Evangelism for Non-Evangelists (Part 4)
What if God Had Voice Mail?

Leading Your Church Through Change

LeadingChurch leaders are “change agents”, called by God to initiate change by moving people forward to where they need to be.

I believe that every leader needs a “model” for leading change. I have put one together from the life of Nehemiah that has been a great help to me.

Here are eight steps to leading effective change in your church. You will also find them helpful for leading change amongst any other group or organisation.


  1. See the Need for Change. All positive change begins with seeing the need for it first. Change for change’s sake is crazy, but change aimed at helping people and improving things is essential. Allow God to place a burden on your heart about the way things are.
  2. Receive a Clear Vision from God. All vision begins with seeing the big picture of what God wants to do. As you spend time in prayer, God will show you what He can do through you and give you a vision of a preferred future. Every leader needs to invest time into receiving a clear vision from God for their life and ministry. Effective leaders tie all change to vision and purpose. They know where they’re headed and why.
  3. Create a Strategic Plan. You need to know exactly what God wants you to do (vision) and then think through all of the details of how you will do it (strategy). Wise leaders take their God-given vision and form it into a plan that describes how and when the vision will become a reality. This takes time and involves a process. It needs wise and godly counsel from other leaders. The more significant the change, the more necessary it is to have the input from all perspectives.
  4. Speak to the Influencers. Unless the people who were in positions of influence buy into the vision, the change will not occur. When speaking to the influencers, don’t present the solution first. Speak about the problem so that they agree on the need for change. Unless people see and embrace the need for change, they will not be willing to pay the price or be committed to the work required to bring the change about. People need to understand the purpose of the change and see the benefits it will bring. When people see the need for change and catch a realistic vision of how things could be better, they become motivated to become part of the solution.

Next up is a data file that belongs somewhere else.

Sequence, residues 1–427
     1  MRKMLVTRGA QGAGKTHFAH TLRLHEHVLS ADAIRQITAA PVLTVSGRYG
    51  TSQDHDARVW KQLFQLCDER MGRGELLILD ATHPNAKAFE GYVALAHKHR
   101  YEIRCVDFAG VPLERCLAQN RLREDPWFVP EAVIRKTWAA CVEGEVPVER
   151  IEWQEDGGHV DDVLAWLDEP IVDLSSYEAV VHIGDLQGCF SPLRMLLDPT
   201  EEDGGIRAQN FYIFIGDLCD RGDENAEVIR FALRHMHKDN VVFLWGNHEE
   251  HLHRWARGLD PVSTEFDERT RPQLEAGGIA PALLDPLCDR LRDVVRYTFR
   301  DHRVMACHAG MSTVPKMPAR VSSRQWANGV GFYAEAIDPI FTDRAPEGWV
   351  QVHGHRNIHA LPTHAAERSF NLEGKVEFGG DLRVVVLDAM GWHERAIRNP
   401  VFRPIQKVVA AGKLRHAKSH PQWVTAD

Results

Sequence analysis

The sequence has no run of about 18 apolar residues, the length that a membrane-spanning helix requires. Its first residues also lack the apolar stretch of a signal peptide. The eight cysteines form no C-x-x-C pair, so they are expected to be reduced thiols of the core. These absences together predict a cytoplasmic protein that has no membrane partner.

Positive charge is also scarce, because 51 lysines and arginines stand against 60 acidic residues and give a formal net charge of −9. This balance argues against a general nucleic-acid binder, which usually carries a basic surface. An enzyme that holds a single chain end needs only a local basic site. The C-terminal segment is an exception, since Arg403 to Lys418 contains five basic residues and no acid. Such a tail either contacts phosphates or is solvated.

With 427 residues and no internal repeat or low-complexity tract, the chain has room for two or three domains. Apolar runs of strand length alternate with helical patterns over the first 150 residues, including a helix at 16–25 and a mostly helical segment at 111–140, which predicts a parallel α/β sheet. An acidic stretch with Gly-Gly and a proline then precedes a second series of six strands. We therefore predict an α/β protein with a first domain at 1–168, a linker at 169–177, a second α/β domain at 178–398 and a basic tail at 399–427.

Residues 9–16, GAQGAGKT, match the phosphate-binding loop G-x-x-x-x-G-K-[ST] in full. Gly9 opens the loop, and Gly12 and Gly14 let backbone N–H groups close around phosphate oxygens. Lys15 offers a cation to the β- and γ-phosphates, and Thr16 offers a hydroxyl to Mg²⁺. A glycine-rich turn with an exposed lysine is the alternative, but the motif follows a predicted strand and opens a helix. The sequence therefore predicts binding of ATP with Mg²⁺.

5. Organise the Work to be Done. Vision has to be broken down into a strategic plan that enables people to take simple steps towards realistic goals. A church leader must seek to acquire ownership from the entire congregation for positive change to take place. It needs to become their vision so that they are committed enough to work towards it.
  6. Deal with the Opposing Forces. I wish I could tell you that there will be no problems when you lead change but the reality is that movement causes friction. Resistance to change is normal and so we need to prepare for it and handle it wisely. In every change, there will be opposing forces. Someone or something will face loss, despite the many gains. You may encounter anger, frustration, fear, uncertainty and disappointment during the transition. Wise leaders think through the possible reactions or problems and avoid unnecessary conflict by preparing for and addressing these forces in advance.